1. Cannibals and Presidents
In September 1944 a Grumman TBM Avenger flown by a 20-year-old pilot and with two crewmen took part in an attack on Japanese installations on Chichijima. During the attack, the plane was hit by flak and the engine caught fire. Despite this, the pilot completed his bombing run. He and the crew then bailed out. Several other planes were shot down in the attack and all airmen, apart from the 20-year-old were either killed or captured. Those captured suffered horrendous torture at the hands of the Japanese army, and all were eventually executed. The horrific part is that they were then cooked and parts of them were served to Japanese officers as a delicacy. Meanwhile the pilot was eventually picked out of the sea by a US submarine. The only survivor of the attack, and the only one who did not suffer a grisly fate, the pilot, 1st Lieutenant George H W Bush, went on to become the 41st President of the United States.
2. The Brazen Bull
Phalaris was a tyrant ruling over the island of Sicily in about 570 BC. He was a cruel man and had a particularly horrific way of dealing with criminals. The device was called the Brazen Bull. It was, as the name suggests, a hollow bronze bull in which convicts could be locked. It was then put over a roasting fire and the criminal was broiled to death. As a final touch, the steam the boiling man was funnelled through a series of tubes so that the bull appeared to roar.
3. Unit 731
During the Second World War, Unit 731 was the Japanese equivalent of the unit ru by the Nazis’ Dr Mengle. Unit 731 performed a series of experiments on prisoners, both military and civilian. The aim was to chart the limits of what the human body can endure, and involved such activities as removing organs from live, conscious patients, and putting people in pressure chambers until their eyes popped out. Perhaps just as horrific, at the end of the war, the program’s director, Surgeon General Shirō Ishii, was granted immunity from prosecution because the Allies wanted access to his knowledge of microbiological warfare
4. The Horrific Death of Gregory Rasputin
Tsarina Alexandra, wife of Nicholas II, was inordinately fond of the charismatic monk Gregory Rasputin. She used him as her closest adviser, and after he apparently saved the life of her son, he could do no wrong in her eyes. The thing was, that Rasputin, from peasant stock, was hugely unpopular among the Tsar’s more professional and aristocratic advisers. After a while, Rasputin’s reputation dwindled and the Tsar began to consider him a bad influence. Assassin, presumably on the orders of Nicholas, set out to kill him. They tried poison. It didn’t work. They shot him several times in the head and back. It didn’t work. Rasputin was still able to stand and try and escape. So they threw him in the river, hoping he would freeze to death. He didn’t, and like some Hollywood bad guy, he eventually drowned while trying to climb out of the Volga.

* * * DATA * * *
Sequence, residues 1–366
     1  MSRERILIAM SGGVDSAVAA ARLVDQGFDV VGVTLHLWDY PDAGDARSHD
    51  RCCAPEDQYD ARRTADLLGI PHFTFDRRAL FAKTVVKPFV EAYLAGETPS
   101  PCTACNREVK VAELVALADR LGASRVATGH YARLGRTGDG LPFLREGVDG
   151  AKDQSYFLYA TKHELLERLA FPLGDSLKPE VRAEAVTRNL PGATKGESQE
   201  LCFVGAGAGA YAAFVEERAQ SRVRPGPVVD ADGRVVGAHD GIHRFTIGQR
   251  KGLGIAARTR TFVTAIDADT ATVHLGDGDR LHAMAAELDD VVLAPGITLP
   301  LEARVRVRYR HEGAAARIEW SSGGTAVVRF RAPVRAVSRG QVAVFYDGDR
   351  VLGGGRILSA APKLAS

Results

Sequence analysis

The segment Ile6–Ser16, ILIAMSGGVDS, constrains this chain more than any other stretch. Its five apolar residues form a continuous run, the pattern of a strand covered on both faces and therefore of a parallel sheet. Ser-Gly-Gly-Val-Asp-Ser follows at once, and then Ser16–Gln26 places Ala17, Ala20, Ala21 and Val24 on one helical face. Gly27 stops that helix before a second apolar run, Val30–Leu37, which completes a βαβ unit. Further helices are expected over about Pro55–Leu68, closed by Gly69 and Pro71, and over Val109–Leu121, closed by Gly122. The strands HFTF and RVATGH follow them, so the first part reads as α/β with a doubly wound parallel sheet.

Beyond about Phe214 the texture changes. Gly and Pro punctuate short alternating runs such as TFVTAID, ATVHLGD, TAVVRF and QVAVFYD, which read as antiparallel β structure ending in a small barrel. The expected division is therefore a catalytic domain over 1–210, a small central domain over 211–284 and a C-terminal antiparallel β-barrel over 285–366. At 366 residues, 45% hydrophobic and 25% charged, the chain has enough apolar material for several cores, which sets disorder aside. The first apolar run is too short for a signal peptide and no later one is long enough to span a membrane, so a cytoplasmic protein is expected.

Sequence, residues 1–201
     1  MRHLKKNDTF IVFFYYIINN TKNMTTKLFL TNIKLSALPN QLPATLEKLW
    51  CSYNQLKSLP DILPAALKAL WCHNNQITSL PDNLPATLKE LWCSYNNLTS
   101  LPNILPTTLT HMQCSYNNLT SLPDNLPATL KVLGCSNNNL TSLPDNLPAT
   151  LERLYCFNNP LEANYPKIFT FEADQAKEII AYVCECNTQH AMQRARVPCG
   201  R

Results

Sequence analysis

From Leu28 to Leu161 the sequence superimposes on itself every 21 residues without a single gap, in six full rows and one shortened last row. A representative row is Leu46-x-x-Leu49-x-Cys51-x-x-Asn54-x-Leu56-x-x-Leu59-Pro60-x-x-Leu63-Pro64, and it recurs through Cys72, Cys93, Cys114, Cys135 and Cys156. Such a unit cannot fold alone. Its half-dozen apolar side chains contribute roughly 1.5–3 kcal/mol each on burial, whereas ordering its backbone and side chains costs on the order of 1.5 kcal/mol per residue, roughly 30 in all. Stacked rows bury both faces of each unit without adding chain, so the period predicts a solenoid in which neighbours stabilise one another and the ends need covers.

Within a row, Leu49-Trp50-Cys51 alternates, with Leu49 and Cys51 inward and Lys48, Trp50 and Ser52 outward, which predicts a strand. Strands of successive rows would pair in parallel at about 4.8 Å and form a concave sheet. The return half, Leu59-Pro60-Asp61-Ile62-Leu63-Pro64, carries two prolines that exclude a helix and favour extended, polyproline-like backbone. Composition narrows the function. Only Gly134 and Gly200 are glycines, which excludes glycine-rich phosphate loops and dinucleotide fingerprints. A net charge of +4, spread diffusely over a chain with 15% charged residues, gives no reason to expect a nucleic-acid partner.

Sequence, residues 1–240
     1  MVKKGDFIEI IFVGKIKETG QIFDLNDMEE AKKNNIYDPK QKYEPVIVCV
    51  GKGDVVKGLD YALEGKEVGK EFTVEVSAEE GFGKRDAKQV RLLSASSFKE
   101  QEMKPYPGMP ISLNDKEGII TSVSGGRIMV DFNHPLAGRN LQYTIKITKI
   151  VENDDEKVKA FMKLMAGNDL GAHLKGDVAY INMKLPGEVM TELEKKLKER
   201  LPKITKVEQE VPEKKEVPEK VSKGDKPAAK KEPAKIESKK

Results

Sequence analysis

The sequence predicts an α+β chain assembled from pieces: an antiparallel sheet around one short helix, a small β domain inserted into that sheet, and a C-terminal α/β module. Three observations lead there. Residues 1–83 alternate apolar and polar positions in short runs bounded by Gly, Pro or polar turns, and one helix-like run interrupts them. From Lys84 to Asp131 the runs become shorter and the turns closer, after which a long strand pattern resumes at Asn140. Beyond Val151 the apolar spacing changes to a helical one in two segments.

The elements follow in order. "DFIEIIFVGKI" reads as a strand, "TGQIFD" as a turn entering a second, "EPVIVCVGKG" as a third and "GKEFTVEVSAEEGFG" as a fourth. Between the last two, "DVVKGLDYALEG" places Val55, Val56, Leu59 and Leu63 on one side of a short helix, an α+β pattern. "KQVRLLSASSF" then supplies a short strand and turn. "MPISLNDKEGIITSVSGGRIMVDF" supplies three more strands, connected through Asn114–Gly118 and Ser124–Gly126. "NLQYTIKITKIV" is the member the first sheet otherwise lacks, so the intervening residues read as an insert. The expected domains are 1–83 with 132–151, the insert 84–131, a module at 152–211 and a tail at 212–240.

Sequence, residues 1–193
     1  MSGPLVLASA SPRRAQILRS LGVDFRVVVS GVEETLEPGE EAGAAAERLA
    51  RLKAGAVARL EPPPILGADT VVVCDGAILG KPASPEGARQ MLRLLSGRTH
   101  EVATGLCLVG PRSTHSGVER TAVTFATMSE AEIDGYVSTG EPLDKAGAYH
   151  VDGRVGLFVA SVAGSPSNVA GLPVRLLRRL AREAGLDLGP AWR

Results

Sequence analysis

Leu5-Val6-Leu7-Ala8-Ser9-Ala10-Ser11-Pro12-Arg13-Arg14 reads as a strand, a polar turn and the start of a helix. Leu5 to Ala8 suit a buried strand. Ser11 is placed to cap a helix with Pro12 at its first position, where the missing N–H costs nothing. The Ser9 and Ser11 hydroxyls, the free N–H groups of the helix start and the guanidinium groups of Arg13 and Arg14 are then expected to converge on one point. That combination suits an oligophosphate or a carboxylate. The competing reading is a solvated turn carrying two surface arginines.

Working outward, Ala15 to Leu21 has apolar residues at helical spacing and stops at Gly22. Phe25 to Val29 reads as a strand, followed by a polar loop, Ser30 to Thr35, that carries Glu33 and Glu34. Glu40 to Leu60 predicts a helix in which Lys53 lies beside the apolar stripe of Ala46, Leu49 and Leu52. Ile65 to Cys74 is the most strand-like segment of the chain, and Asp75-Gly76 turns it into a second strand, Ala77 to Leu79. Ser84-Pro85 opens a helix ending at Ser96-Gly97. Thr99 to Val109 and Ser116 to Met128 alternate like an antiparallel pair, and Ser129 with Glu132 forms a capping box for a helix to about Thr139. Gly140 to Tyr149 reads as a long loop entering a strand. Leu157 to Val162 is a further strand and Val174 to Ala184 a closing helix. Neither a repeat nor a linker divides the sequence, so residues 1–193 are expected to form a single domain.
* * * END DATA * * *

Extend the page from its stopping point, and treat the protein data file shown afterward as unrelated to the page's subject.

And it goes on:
Cults are bad, and in one way or another they usually result in death. The People Temple under Jim Jones lived in a compound in Guyana with 900 follows, made up of men, women, and children. In November 1978, following a congressional visit to Jamestown under Rep. Leo Ryan, Jim Jones’s paranoia took flight and convinced all his followers to drink poison. A third of those who died were children and infants. Rep. Ryan was killed in a shoot out at the airport, and Jim Jones was shot in the head. Probably self inflicted. It was the worst US civilian loss of life before 9/11
Prior to WW2 the Japanese Empire rampaged across Asia. In Decmeber 1937 the Imperial army took the Chinese city of Nanking. In the following six weeks they murdered up to 300,000 of the 600,000 population. They held beheading competitions using the locals for targets, and up to 80,000 women were raped before being murdered. When it is said that the streets of Nanking ran red with blood, it is the literal truth.
7. Dancing Plague
In 1518 Strasbourg, France, a woman called Frau Troffea began to dance. She danced for over a week, and then more people joined in. The street was filled with dancing people. More and more people took part in the obsessive and non-stop dancing. From July to September the street were full of dancing people who apparently couldn’t stop. Probably caused by a form of mass hysteria, by the end of the phenomenon some 400 people were dead from exhaustion.
8. Horrific coincidence
Edgar Allen Poe is known for his terrifying short stories. In his career he wrote only one novel: The Narrative of Arthur Gordon Pym of Nantucket. A tale of a stowaway on a whaling ship and his adventures. It included a sequence where a shipwrecked crew drew straws to decide which member they are to kill for food. The death straw was drawn by a character named Richard Parker. In 1878, forty years after Poe’s book was published there was a real shipwreck and the surviving crew killed an ate a man called Richard Parker when they didn’t have enough provisions to survive.